store. Unfortunately, this isn't an isolated incident—another dog was lost (though,
fortunately, found) after bolting
from groomers at an Illinois PetSmart.
Choose your groomer carefully, and stay away from PETCO, PetSmart, and other big-box stores.
Breaking Up Is Hard to Do
all hazards are physical. Anyone who's suffered a broken heart knows that a
divorce or other romantic bust-up takes an emotional toll on the former
sweethearts and on their children, but companion animals can be hurt, too. An
excellent feature in the Chicago Tribune
points out what can go
wrong—or right—when guardians go their separate ways.
more tips on repaying our four-legged pals' love and devotion, check out PETA's
guide to caring for dogs.
Sophie lives with a PETA staff member and receives lots of TLC
Written by Michelle Kretzer
was one of those stories that was so appalling that people had to share it. A
PETA supporter learned from someone at her workplace about a couple who had
moved out of their house and left their St. Bernard there alone, caged in a crate 24 hours a day. She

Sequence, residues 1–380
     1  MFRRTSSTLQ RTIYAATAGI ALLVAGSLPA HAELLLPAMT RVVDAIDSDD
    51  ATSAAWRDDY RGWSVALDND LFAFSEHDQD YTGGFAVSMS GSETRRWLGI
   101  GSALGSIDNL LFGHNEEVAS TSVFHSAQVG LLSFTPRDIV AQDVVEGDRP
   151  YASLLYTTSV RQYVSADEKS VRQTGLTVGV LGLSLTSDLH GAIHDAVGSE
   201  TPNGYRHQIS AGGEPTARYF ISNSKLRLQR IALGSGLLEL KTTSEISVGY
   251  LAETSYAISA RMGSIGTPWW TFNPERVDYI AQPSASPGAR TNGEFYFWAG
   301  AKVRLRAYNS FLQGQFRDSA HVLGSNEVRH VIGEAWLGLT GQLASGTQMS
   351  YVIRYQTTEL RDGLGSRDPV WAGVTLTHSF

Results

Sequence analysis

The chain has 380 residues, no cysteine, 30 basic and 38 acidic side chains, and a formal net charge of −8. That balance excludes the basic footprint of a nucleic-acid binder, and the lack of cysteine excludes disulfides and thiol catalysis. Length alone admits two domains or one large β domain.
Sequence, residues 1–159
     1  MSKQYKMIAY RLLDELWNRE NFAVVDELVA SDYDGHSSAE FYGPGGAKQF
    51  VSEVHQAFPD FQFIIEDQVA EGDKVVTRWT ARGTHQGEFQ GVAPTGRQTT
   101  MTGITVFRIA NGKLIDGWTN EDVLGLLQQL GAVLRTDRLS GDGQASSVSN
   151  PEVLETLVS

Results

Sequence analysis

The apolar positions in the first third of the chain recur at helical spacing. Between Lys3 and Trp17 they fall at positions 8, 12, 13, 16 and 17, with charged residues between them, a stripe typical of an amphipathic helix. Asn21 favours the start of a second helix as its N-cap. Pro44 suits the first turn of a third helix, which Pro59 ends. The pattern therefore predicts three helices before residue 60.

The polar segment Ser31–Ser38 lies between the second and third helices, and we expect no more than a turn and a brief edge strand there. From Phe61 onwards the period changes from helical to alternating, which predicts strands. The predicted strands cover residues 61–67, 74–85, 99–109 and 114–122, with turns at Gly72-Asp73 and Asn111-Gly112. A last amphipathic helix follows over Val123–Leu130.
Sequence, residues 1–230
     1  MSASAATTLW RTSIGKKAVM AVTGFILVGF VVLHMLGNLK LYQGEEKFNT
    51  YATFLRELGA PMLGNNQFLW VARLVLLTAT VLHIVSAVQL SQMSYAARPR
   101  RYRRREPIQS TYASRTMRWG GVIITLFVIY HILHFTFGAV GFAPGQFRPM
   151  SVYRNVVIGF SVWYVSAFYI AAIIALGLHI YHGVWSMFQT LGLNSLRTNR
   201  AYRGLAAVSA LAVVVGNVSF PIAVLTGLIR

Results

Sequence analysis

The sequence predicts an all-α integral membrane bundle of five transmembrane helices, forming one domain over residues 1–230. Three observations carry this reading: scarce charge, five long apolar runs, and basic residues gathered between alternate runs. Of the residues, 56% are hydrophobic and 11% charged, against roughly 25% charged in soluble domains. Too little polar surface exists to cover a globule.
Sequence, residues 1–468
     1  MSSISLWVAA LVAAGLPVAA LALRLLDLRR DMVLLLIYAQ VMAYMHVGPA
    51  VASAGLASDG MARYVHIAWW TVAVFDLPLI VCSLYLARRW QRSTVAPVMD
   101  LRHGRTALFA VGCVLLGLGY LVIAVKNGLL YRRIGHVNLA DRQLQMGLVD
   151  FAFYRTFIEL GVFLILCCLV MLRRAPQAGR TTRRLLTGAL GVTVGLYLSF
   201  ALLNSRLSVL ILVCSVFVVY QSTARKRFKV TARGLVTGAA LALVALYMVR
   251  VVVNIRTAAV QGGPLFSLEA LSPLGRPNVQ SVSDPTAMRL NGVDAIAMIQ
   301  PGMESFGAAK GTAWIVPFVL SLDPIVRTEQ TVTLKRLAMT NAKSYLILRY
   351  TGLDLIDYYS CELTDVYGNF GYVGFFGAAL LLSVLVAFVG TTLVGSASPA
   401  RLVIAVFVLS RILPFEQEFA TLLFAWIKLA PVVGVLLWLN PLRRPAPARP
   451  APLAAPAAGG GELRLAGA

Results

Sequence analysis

called us immediately.
tracking down the owners, we learned that they were going once a day to give
the dog food and water but were forcing him to spend his life alone in the
crate, where he also had to relieve himself. We pressured the local police
department and animal control to talk to the couple and convince them to
surrender the dog. Thankfully, they agreed.
dog was finally free, but the stress of confinement had left him with
psychological scars. Like many dogs who are crated for an extended period of
time, he had become aggressive and developed other behavioral problems. As it
would have been dangerous to put him up for adoption, he was peacefully euthanized.